Surgical site infection following pedicle screw fixation of Thoracic and Lumbar Fractures
Ainur Karchalova, Zhanibek Zhanaidarov and Zhadyra Bizhanova
Asfendiyarov Kazakh National Medical University, Kazakhstan
Graduate School of Public Health University of Pittsburgh, USA
: J Spine Neurosurg
Statement of the Problem: Posterior approach with pedicle screw fixation is widely used for thoracic and lumbar fractures. The urgency of surgery and the use of contact medical devices may lead to an increase in postoperative Surgical Site Infections (SSI). The study objective was to determine risk factors of SSI following a posterior approach with pedicle screw fixation. Methodology & Theoretical Orientation: A retrospective case-control study aimed to identify characteristics of patients with SSI following an open pedicle screw fixation of thoracic and lumbar fractures. Eighteen patients with a superficial or deep SSI were identified and compared with 150 uninfected control patients. Risk factors for SSI were determined with univariate analyses. Findings: We reviewed medical records of 168 patients receiving posterior approach with pedicle screw fixation for thoracic and lumbar fractures from 2015 to 2020 in Almaty, Kazakhstan. Eighteen (10.7%) patients with acute postoperative wound infections were identified. These included 7 deep and 11 superficial infections. The majority of patients (61.1%) had cultures of grampositive microorganisms (i.e., Staphylococcus aureus and Staphylococcus epidermidis). There were significantly higher risks of SSI in the patients with complete neurologic injury (ASIA A-type) as compared with those with no deficit or incomplete injuries (p=0.027). The significant risk factors included laminectomy, delayed dural leak, and the duration of the surgery > 3 hours. Conclusion & Significance: The risk of SSI is higher in trauma patients than in the other surgery populations. The cases with complete neurologic deficit were at greater risks of having SSI.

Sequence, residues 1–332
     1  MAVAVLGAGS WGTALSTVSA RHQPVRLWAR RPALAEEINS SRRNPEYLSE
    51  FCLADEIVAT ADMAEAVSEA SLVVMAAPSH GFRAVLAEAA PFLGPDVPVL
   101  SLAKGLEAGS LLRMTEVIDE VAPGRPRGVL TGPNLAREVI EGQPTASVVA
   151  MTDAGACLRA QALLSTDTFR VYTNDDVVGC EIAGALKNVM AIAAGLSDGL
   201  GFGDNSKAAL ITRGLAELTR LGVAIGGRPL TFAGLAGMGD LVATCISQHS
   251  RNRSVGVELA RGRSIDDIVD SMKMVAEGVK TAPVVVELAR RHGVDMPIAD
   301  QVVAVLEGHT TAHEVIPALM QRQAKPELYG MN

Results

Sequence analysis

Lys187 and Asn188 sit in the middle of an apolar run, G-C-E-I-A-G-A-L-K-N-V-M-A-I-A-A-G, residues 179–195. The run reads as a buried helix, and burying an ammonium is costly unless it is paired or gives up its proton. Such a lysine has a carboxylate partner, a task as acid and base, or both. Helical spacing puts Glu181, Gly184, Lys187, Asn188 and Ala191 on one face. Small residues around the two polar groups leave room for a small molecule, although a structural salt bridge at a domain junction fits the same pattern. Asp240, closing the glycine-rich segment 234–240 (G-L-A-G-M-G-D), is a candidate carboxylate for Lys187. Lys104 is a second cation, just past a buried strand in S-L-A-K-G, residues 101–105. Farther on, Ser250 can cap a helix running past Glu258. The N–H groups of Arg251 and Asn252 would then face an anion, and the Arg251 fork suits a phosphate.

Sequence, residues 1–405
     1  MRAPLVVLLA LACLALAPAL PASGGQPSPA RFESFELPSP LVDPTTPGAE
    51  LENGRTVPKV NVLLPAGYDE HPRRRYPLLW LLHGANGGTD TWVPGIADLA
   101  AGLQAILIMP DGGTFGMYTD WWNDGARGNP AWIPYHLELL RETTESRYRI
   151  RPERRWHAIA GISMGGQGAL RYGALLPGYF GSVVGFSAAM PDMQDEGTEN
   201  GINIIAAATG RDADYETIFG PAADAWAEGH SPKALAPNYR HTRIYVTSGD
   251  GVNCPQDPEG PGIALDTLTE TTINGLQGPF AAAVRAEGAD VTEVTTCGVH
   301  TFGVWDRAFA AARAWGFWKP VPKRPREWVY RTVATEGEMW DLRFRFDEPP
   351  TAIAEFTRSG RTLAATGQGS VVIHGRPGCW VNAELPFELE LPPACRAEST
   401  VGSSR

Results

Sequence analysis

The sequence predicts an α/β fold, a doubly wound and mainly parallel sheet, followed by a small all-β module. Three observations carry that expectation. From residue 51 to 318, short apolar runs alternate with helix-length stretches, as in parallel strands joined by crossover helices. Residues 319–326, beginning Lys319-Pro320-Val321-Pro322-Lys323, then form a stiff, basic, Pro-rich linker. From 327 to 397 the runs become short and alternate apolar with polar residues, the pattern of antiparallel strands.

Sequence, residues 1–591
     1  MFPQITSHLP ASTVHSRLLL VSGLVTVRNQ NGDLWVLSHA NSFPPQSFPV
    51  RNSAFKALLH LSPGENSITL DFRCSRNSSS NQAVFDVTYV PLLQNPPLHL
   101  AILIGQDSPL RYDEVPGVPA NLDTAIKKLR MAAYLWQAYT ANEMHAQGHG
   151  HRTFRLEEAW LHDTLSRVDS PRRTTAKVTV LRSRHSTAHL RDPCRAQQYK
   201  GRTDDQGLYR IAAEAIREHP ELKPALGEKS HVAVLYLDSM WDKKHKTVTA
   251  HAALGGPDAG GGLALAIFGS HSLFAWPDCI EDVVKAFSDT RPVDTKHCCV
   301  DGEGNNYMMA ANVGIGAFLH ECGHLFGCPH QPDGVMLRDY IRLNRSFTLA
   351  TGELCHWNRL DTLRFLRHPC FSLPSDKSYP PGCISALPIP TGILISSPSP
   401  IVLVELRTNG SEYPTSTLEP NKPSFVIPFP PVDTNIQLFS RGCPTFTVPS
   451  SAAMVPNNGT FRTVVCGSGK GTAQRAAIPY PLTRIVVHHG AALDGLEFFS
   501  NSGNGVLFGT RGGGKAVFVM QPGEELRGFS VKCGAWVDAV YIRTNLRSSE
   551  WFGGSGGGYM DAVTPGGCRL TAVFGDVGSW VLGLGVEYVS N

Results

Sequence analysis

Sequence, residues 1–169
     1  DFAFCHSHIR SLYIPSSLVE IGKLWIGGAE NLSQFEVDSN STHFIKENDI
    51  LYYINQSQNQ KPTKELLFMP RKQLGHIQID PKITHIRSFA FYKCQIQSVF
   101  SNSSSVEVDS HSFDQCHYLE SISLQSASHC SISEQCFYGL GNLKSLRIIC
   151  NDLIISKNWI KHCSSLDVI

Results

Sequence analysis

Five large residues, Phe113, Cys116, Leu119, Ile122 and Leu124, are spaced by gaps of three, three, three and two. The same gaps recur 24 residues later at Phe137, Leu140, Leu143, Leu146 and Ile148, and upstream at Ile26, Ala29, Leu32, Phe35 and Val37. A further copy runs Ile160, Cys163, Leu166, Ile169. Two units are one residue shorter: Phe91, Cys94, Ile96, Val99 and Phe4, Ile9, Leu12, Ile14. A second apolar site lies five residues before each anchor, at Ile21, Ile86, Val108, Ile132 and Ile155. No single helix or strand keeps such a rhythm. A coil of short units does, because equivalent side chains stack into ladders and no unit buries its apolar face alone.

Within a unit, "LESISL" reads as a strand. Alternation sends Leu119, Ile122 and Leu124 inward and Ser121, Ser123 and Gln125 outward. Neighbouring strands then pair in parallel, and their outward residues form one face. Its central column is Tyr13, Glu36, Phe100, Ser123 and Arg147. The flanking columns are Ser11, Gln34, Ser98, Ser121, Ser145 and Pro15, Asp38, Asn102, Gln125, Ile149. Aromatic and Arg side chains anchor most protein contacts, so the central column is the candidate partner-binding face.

Ainur Karchalova is a 33 years old young Neurosurgeon studying the problem of infectious complications after spinal operations using instrumentations. She studies the factors that affect these complications and methods of their prevention.